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Selling a property as part of an inheritance

Inheriting a property can be a complex situation to manage, especially during the difficult time of dealing with the loss of a loved one.

It is essential to surround yourself with the right professionals to make the process smoother and avoid unnecessary delays. In this article, we will outline the essential steps for selling an inherited property so that you have all the necessary resources to handle it effectively.

1. Acceptance of the inheritance

After the passing of a loved one, it is advisable to contact a notary to determine the legal procedures to be followed if no one has been designated by the deceased beforehand. The notary can provide clear and precise information about the inheritance you may potentially accept. This is an important step as accepting an inheritance may involve receiving assets but also, potentially, debts. Additionally, it may lead to considerable inheritance taxes depending on the properties received. Therefore, discussing with a notary before accepting an inheritance is crucial.

2. Inheritance Taxes

Inheritance taxes are the taxes you will have to pay to the state if you accept the inheritance. These taxes are calculated based on various factors:

  • The number of properties the deceased person leaves in the inheritance
  • The region in which the deceased was domiciled
  • Your relationship with the deceased

As mentioned earlier, it is advisable to inform yourself about the amounts of these taxes before accepting the inheritance or proceeding with the sale of the property, as they can be significant.

3. Property in Co-Ownership?

If you are not the sole heir of a property and are, therefore, in “co-ownership,” you will need the consent of the other heirs to sell it. Without their agreement, you cannot proceed with any transaction. It is also possible that one of the heirs wishes to buy your share to live in the property. In this case, a discussion among the heirs is necessary to agree on the fate of each property. Reaching an amicable agreement will help avoid a judicial liquidation of the estate, which occurs in the event of disagreement among the heirs. If all heirs agree to sell or if you are the sole legatee, the next step is to assess the property.

4. Property Valuation

This is the most critical step when selling an inherited property. If the property is not accurately valued and you sell it for a higher price, you will have to pay a penalty for insufficient taxation and additional inheritance taxes.

  • You may wish to self-assess the property by using an expert on your side or by calculating the value based on the real estate market prices. If you underestimate the property and sell it for a higher price, you will have to reimburse the state, as mentioned earlier. On the other hand, if you overestimate the property and it is sold for a lower price, you will not be able to recover the difference in taxes paid.

  • You can opt for a preliminary expertise that takes place before the declaration of inheritance. An expert accredited by the tax authorities is appointed to assess the inherited properties. The resulting estimate must be included in the inheritance declaration and has a significant advantage: if the property is sold for a higher price than the estimated value, you will not have to pay additional taxes.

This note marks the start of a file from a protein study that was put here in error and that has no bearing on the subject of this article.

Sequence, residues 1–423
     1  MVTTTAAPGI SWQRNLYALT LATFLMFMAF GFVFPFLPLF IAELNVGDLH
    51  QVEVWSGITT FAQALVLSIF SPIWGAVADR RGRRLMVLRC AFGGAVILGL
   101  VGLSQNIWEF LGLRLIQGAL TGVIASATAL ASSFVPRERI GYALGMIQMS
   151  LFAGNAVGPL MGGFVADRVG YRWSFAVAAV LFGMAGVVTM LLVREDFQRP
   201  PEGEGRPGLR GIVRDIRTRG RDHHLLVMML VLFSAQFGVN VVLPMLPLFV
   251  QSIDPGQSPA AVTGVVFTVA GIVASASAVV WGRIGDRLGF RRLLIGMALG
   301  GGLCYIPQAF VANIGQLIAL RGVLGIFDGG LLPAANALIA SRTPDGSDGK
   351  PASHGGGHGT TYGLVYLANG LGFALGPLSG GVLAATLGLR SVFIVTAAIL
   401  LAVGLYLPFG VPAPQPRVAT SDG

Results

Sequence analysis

This solution is particularly interesting if you want to have a standard estimation for everyone without risking additional tax payments or a penalty for insufficient taxation. However, this procedure is not always the most appropriate, especially if your inheritance is not heavily taxed. Additionally, it comes with a cost and may potentially slow down the inheritance process. You can discuss this option with your notary for more information and advice.

5. Selling the property

Once the expert has made the estimate, and you have declared the inheritance, you can finally proceed with the sale of your property, usually within 2 years after the inheritance declaration.

Several possibilities are available to you:

  • This avoids agency fees but can lead to significant time loss, especially if you are not the only heir and if another family member also wishes to find buyers independently. This can quickly become complicated, especially concerning viewing schedules and the necessary documentation.

  • A notary may be aware of nearby sales and can assist with all legal procedures. However, they may not have as extensive a network as a real estate professional.

  • The simplest option is to jointly choose a real estate agency with other heirs to avoid any issues. Once the agency is selected, they will handle all the necessary steps to sell your property, including taking photos, creating plans, measurements, advertisements, and conducting visits. A real estate agency possesses the legal and administrative knowledge required for this particular type of sale. It saves valuable time and is reassuring to entrust your property to professionals who have a significant database of potential buyers.


As you can see, selling a property within the context of an inheritance is not a straightforward task, especially if you don’t surround yourself with the right professionals to help you through this challenging period. Having professionals on your side, such as a notary and a real estate agent, will considerably facilitate the inheritance and sales process. As real estate experts for 43 years, our Trevi teams can support and guide you through this process.

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